The production of and trade in high technology products has always been seen to be important for both developed and developing countries. For developed nations these products are a source of significant exports, off-setting their loss of competitiveness in traditional low technology products. For developing nations, mastery of these products represents a necessary step on their industrialisation path. It is also an important means of protecting their external balance as their own consumption of these products burgeons and as they too lose competitiveness in traditional sectors as wage levels rise in their economies. On top of this, the high tech sectors are the fastest growing in the world economy and so represent an enormous opportunity for growth. It is for these reasons that South Africa should develop its high tech trade potential.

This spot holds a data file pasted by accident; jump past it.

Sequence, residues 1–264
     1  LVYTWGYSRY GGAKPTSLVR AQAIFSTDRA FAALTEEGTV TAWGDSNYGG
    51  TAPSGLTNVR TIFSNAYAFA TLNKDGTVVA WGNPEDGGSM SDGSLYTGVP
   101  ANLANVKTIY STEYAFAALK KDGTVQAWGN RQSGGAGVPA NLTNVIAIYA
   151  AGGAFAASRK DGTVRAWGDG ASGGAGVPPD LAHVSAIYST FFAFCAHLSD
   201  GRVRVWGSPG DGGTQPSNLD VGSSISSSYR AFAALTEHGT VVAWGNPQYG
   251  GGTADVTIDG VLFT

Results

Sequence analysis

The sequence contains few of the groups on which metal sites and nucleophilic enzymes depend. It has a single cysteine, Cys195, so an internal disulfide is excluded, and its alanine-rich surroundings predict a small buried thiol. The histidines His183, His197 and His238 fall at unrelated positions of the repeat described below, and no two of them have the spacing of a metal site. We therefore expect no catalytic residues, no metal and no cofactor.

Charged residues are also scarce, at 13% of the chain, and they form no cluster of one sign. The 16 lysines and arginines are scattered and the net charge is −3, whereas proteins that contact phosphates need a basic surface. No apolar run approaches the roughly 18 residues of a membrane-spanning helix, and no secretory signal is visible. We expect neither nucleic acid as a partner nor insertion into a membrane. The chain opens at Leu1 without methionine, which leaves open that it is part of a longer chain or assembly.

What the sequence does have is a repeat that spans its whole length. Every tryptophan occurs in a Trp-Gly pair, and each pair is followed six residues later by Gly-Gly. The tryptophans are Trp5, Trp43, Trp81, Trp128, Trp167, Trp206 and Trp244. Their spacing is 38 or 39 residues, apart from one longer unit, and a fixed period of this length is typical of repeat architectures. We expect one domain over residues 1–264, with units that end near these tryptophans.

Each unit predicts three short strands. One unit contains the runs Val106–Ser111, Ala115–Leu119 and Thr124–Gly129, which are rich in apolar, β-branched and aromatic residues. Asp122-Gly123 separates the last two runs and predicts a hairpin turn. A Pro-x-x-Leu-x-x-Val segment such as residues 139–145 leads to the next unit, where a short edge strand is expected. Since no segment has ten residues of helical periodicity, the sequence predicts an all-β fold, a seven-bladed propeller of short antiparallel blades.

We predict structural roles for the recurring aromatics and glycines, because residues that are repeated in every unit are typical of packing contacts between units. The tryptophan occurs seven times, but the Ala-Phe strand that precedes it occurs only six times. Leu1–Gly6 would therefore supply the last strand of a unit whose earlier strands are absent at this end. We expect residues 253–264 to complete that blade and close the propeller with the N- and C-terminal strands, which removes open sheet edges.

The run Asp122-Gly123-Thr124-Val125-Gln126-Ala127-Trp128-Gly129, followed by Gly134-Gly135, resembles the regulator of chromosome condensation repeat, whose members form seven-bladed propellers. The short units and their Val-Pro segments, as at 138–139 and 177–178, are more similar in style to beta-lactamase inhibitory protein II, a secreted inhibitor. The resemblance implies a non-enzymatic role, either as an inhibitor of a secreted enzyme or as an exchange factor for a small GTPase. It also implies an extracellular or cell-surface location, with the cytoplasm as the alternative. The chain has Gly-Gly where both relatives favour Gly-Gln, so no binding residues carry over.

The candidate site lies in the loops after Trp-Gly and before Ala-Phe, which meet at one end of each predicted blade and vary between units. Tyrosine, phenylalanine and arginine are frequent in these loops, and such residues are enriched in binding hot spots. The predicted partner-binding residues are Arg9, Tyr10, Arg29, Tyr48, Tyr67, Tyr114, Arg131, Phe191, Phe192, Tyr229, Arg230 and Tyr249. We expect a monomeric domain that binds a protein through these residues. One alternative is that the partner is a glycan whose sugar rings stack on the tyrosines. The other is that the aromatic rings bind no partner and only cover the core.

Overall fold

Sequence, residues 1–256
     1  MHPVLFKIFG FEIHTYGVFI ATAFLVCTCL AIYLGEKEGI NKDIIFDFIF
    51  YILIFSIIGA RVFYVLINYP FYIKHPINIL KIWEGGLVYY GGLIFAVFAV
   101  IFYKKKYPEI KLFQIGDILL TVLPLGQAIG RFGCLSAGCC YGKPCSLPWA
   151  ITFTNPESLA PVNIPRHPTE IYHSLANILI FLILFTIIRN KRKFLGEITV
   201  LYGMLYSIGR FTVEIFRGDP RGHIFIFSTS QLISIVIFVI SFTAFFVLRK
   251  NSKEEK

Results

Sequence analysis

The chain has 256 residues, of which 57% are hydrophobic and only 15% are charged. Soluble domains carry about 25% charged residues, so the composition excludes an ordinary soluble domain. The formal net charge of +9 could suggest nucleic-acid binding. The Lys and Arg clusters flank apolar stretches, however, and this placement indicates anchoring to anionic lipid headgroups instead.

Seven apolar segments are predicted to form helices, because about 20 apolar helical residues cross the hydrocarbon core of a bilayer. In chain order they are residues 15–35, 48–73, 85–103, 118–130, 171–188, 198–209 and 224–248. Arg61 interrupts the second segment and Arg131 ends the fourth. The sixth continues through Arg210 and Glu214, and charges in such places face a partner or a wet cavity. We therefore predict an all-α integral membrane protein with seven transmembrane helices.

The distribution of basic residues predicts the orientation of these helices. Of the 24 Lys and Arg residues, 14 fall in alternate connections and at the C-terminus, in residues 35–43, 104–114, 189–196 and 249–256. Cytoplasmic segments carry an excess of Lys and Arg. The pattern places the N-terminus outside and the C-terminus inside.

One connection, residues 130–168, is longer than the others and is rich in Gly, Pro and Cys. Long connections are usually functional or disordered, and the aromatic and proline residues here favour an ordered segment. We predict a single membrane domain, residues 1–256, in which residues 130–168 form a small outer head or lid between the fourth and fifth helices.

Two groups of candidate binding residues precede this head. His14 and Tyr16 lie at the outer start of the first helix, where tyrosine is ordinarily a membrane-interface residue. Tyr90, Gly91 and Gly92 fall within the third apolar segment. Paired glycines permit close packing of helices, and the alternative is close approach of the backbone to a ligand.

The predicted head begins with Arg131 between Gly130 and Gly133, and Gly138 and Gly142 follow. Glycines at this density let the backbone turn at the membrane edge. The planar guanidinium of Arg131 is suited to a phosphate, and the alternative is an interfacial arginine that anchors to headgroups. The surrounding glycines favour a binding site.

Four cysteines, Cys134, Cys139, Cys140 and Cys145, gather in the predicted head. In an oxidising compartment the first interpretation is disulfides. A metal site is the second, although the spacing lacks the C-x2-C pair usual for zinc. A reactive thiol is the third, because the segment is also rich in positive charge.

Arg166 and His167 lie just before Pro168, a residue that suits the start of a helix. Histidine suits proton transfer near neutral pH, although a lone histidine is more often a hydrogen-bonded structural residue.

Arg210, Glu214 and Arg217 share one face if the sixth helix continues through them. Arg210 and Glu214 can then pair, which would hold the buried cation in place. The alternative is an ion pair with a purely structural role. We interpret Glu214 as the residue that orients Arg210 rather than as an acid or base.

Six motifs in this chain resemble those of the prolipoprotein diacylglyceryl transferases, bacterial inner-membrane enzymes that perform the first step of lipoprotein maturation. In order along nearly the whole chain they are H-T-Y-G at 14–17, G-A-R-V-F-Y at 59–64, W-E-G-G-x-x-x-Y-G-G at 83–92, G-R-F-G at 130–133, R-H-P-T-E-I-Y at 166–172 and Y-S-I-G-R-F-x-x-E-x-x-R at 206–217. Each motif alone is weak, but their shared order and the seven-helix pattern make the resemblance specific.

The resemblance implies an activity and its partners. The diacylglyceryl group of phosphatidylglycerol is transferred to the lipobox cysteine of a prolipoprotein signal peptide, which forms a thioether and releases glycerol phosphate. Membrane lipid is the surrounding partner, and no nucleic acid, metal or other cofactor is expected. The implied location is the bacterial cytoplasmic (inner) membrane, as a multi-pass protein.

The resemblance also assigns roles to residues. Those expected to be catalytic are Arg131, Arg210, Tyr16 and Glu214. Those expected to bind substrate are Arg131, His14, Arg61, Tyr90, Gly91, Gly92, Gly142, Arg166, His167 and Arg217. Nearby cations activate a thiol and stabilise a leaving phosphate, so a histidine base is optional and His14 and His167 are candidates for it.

To formulate sensible policy to develop high tech trade, there is a need to accurately define and measure high tech trade in the country. This paper uses a method developed by the US Bureau of the Census which avoids the normal measurement pitfalls of aggregation by allocating products to high tech fields at a very detailed level. In this way, the inclusion of low tech products due to aggregation is avoided. The fields include biotechnology, life sciences, optoelectronics, computers and telecommunications, electronics, computer integrated manufacturing, material design, aerospace, weapons and nuclear technology.